UFLi Digital Archive

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Month: March 2020

Jasmine Ruiz (‘20.5)

Reflecting on the Community Narrative Series

It’s been a year and a half since I proposed this series. Drawing from Humans of New York, I wanted the Community Narrative Project to serve as a similar digital space to affirm shared experiences, provide intergenerational advice, and encourage vulnerability with community members. In my own experiences at Brown, my connections with other community members are without a doubt the reason I have come this far. 

I remember feeling particularly lonely my freshman year as I struggled to find community in Providence. I had high expectations for my time at Brown, and was discouraged and embarrassed when I felt unhappy with my college experience. I found solace in stories from graduating U-FLi seniors, who listed off the buildings they had cried in on campus or talked about the times they considered transferring. They mentioned how time and time again, their support networks came through to pick them up when they were down.

When proposing this digital project, I hoped to recreate the sense of community I felt during those U-FLi events. I wanted to acknowledge the weight of those moments when our individual realities feel especially salient and isolating, while also highlighting and affirming everything we bring to the table — our strengths, our pastimes, our passions.

I like to end interviews for this project by asking folks who they are away from Brown, as the pressures of academia can quickly feel overwhelming. It feels grounding to remind ourselves that our worth is not tied to our productivity, to our academic performance, to our student identities. We are friends, family members, poets, dancers, artists, Hot Cheetos consumers (and/or distributors).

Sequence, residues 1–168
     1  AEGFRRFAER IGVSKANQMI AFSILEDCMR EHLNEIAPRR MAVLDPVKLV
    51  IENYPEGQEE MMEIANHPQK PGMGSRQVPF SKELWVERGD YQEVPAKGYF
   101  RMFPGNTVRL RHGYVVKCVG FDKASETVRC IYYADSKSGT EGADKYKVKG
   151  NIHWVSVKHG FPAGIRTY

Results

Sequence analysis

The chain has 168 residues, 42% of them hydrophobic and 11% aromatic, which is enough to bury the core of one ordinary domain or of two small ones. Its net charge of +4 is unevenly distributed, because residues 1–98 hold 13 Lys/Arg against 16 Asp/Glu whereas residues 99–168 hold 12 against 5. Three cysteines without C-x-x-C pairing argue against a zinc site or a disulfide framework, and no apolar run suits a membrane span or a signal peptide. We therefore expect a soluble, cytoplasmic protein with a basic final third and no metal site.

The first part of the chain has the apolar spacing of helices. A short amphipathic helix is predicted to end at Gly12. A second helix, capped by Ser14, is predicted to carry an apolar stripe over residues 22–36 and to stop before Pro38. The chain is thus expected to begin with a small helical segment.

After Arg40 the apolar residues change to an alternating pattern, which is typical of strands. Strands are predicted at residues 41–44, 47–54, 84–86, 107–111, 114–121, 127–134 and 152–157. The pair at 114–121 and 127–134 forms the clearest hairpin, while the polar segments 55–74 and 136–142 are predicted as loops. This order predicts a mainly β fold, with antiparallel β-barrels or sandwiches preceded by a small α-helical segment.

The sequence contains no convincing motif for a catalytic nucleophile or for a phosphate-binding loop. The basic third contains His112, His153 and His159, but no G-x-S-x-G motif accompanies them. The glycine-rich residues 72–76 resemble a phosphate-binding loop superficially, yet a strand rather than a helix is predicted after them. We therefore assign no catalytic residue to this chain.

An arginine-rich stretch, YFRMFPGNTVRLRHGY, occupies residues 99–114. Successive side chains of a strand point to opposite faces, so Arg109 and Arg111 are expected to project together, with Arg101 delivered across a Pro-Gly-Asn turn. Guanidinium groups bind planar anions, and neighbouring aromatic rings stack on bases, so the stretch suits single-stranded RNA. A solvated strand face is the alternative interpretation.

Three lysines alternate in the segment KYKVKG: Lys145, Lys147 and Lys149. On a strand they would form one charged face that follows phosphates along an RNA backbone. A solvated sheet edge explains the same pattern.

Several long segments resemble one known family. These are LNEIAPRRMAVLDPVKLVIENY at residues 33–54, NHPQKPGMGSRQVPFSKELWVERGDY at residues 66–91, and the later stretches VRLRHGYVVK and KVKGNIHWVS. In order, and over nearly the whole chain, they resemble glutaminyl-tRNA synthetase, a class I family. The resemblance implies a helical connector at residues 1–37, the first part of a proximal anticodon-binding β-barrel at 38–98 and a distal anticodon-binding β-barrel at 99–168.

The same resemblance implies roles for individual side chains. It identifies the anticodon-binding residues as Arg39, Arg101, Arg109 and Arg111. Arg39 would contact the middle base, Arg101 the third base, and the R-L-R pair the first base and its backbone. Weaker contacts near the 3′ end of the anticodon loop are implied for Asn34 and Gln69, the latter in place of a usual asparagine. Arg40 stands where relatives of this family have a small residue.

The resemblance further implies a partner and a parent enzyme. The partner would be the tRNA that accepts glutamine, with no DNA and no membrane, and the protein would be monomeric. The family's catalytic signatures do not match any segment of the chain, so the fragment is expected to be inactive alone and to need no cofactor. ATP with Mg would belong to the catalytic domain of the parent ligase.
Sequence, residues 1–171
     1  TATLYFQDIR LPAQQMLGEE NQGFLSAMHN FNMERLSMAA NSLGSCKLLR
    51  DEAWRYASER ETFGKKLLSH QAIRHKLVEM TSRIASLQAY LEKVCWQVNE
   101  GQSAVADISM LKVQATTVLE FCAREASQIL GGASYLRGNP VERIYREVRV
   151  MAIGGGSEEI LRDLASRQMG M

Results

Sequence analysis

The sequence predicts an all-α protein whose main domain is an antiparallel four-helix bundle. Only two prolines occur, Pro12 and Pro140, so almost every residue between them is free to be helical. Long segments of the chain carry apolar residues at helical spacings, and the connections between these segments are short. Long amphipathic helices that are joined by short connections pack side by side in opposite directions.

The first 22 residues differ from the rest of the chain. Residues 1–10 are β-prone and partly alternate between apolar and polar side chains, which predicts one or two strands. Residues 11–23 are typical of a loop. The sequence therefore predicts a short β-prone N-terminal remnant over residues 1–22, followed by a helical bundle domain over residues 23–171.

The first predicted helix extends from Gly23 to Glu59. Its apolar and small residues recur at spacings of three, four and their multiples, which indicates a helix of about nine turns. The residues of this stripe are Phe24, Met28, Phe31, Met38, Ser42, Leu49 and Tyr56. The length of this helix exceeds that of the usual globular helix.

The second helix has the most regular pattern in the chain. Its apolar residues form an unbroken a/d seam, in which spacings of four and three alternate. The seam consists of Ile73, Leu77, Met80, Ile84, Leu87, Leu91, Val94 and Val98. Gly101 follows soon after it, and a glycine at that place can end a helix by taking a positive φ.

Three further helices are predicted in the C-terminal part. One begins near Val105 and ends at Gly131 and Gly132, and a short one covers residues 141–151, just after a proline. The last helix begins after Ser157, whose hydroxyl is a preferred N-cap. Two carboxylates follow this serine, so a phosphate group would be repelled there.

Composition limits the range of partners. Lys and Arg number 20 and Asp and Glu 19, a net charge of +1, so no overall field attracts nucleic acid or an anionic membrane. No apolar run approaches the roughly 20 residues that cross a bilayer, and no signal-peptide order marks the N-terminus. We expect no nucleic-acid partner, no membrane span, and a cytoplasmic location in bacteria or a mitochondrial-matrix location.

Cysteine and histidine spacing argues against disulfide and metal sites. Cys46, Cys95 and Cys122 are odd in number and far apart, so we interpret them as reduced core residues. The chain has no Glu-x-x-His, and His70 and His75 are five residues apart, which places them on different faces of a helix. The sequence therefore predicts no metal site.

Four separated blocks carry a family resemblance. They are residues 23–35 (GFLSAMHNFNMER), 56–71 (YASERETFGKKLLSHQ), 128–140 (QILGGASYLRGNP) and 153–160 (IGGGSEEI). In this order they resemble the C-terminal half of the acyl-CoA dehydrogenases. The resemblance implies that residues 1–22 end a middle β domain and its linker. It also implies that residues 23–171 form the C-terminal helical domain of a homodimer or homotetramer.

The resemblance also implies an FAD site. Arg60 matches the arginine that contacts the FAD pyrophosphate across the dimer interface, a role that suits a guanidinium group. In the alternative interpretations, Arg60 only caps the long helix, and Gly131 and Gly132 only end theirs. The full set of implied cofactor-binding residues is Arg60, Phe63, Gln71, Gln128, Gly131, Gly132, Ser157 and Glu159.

I’m grateful to have shared moments of vulnerability and reflection with the folks I was lucky enough to interview, to witness how this community always shows up to affirm and celebrate each other. I’m excited to share we will be posting a few more highlights to finish out the semester. These times are difficult in more ways than one, but I hope we can continue to find joy in our stories, in our friends, and in our community.

If you’d like to view past highlights, please visit http://blogs.brown.edu/uflidigitalarchive/.

-Jasmine Ruiz ’20.5 (she/hers)

Harnessing the Power of Food

When: Thursday, March 19, 2020

Where: U-FLi Center, Room 520

Time: 5:30-7pm

We are proud to present a conversation and interactive workshop with alumni Jenny Li ’14 (Tooth and Nail Collective) and Chef Gabriela Alvarez ’11 (Liberation Cuisine). The workshop will address issues of building sustained community power and knowledge around food, focusing on accessible and communal practices for U-FLi students. Chef Gabriela Alvarez, based in NYC, works to bring healthy food options into urban communities and provides accessible and healthy cuisine for social justice organizations. Jenny Li, based locally, works in a farming collective that aims to reclaim ancestral knowledge of the land in order to use food sources as a method of healing. Together, they will discuss what it means to harness the social and cultural capital of community power and knowledge of food for working class people. Students will leave the event with personalized herbal tea blends and dining hall inspired food recipes.